If you think e-mail and other electronic means of distributing your resume should make the resume writing process simpler, think again. While electronic distribution allows you to more efficiently, immediately and reliably spread the word about your skills and qualifications, there are a few rules by which you need to abide to ensure that your resume gets through to your recruiters and potential employers successfully.
Use appropriate keywords in your resume. Just as much as job applicants turn to automated distribution methods to apply for jobs, employers and recruiters are turning to automated means of screening thousands of applicants. Many companies have employed ATS (Applicant Tracking Systems) to filter resumes based on keywords and phrases prior to anyone reading it. The majority of the tools used by companies and their recruiters employ keyword matching technology to pair applicants' resumes with open positions based on the common occurrences of important keywords.
Write a brief professional profile that summarizes those skills you possess that are most relevant to the job description or posting. This provides you the ability to immediately highlight those skills that might appear at the bottom of your first page or on your second page.
Keep your resume's design simple. You may think that cool fonts and creative layouts may set your resume apart from the rest. Certainly, if you don't know exactly how to control the manner in which your resume will appear in other computers and printers, you may just be sending out an accidental mess headed straight for every recycle bin in town.
Simplify your design and layout for the sake of ensuring that your resume will appear and print consistently in different people's computers. Use only the most widely common fonts available in the majority of PCs (some examples of these are Times, Helvetica, Arial and Palatino). Maintain generous margins on all sides of your page layout to avoid all possibilities of clipping that may occur when you either fax your resume or have your recipients print it on their own. Remember, while appearance of your resume is an added bonus, the information is still the top priority. If your resume's design could affect the clarity and/or legibility of your information by the time it arrives in someone else's computer, consider a simpler design approach or make the effort to create a PDF resume (see Rule #4 below).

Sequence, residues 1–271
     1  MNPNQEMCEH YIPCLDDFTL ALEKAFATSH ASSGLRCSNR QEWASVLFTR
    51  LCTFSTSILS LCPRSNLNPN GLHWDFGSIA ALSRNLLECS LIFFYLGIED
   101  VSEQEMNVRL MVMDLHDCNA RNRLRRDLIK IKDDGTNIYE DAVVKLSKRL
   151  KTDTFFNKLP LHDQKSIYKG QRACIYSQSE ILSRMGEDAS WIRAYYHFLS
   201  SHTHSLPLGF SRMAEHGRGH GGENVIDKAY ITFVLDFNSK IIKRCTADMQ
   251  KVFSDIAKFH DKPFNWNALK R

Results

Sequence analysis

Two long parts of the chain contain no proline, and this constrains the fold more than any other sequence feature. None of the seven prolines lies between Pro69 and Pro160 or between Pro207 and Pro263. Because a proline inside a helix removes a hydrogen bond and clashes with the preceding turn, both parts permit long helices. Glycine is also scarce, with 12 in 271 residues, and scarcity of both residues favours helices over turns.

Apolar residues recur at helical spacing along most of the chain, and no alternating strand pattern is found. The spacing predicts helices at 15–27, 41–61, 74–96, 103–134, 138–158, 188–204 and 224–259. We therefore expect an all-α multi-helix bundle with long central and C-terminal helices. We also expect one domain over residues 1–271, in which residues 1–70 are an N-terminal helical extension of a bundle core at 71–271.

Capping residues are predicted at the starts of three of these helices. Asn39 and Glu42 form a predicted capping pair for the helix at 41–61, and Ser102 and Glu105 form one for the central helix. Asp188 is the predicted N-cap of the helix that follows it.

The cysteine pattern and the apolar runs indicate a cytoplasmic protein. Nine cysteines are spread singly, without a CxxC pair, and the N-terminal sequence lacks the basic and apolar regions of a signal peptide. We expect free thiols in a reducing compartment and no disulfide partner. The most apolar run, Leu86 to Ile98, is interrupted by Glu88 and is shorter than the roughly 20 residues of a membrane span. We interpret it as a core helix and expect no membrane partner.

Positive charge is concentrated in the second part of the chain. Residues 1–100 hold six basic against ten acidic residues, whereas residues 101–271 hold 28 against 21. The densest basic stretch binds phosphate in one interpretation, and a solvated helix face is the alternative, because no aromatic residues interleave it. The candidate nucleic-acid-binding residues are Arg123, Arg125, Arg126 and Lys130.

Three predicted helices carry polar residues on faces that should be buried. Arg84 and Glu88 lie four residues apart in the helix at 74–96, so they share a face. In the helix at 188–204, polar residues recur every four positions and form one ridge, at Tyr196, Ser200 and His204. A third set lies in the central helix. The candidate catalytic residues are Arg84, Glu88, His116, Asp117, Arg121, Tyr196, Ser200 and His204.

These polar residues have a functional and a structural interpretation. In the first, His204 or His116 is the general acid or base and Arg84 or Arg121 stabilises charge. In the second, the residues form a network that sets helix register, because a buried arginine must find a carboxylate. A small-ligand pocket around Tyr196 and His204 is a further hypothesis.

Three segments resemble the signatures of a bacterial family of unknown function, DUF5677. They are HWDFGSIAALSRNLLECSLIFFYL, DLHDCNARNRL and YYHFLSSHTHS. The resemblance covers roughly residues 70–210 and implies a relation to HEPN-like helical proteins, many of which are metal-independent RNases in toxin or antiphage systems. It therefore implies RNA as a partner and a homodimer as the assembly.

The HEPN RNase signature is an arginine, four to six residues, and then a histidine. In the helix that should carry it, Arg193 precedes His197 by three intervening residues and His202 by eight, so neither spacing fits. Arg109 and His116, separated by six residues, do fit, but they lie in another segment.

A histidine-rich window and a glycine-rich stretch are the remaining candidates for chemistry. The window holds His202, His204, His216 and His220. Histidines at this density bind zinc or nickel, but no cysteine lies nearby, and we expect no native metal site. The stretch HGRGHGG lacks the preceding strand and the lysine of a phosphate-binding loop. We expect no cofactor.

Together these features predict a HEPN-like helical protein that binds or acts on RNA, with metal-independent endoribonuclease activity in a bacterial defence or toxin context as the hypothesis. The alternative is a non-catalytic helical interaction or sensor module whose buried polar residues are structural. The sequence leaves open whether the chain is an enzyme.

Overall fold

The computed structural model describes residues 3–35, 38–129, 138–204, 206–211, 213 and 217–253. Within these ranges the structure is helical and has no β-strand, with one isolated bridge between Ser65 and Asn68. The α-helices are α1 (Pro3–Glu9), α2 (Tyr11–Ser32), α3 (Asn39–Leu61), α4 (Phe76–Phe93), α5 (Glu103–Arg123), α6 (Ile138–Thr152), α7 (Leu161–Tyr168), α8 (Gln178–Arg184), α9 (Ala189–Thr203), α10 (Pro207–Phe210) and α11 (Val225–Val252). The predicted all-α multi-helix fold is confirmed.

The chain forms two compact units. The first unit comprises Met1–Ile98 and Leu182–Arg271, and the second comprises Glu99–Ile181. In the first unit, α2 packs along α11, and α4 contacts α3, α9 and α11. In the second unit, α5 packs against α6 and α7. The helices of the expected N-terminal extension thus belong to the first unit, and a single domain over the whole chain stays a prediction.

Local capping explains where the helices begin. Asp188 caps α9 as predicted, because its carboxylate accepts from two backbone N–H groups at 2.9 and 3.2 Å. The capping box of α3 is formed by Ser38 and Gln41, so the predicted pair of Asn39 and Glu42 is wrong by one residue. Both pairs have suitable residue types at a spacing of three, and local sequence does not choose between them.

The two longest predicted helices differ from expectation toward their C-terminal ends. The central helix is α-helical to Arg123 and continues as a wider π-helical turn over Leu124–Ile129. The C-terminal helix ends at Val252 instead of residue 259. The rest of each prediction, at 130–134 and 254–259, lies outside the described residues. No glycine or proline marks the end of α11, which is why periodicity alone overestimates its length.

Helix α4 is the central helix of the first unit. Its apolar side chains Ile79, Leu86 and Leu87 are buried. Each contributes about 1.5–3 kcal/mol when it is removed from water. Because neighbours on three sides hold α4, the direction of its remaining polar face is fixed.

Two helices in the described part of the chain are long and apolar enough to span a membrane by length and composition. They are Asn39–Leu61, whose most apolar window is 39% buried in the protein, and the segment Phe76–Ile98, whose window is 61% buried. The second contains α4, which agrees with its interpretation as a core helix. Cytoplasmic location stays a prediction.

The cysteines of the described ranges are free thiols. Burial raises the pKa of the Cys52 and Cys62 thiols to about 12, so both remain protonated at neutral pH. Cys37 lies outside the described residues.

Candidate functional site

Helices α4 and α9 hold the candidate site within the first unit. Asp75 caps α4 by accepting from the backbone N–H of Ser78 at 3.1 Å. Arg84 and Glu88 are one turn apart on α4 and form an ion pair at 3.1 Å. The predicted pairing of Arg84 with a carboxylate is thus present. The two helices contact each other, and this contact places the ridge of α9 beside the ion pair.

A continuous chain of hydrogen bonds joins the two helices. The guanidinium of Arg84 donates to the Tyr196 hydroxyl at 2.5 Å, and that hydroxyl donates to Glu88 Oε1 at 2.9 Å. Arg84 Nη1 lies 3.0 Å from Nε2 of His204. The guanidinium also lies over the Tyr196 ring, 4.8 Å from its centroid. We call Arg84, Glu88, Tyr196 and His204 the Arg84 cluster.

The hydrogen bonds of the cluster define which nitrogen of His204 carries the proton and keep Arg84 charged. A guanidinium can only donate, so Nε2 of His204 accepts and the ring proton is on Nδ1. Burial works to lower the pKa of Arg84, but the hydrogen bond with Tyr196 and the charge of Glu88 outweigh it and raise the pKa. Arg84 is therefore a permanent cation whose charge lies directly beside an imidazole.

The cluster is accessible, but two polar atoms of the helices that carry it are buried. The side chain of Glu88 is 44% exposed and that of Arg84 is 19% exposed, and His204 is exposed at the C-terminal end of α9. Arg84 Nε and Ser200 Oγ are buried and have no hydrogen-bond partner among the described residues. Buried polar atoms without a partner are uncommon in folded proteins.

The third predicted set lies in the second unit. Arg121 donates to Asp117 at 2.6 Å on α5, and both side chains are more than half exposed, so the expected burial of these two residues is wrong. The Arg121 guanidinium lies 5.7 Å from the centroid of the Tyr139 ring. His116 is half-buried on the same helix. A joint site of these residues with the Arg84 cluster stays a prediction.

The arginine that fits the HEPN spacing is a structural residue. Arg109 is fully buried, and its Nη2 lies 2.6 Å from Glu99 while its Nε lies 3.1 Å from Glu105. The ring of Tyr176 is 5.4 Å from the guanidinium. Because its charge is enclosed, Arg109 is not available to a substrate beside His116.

Give your resume file a unique, identifiable name. Don't ever give your resume file a common name such as "resume.doc" or "advtgresume.doc". Recruiters and employers frequently receive hundreds, perhaps even thousands of resumes each day, out of which many could be named the same as yours. To avoid this situation, begin the file name of your resume with your own last and/or first name.
Use a common file format. Stick to the common tools used in the trade, such as Microsoft Word and WordPerfect. When in doubt, save your file in text-only (ASCII) format and preview the file in a common Web browser to check that line breaks appear where they should. If you're after a job that requires creative skills, consider making an PDF (Portable Document Format) document that will allow you to safely use fonts and artwork in your design without relying on your recipient to have such resources by default. Keep in mind, however, that in order to view and print a PDF file, your recipient must have a current version of Adobe Acrobat. Check with your recruiter or company representative beforehand to see if it's okay for you to send a PDF file.
Keep it concise and brief. Two page resumes are acceptable, but cleverly written one-page resumes are the real winners.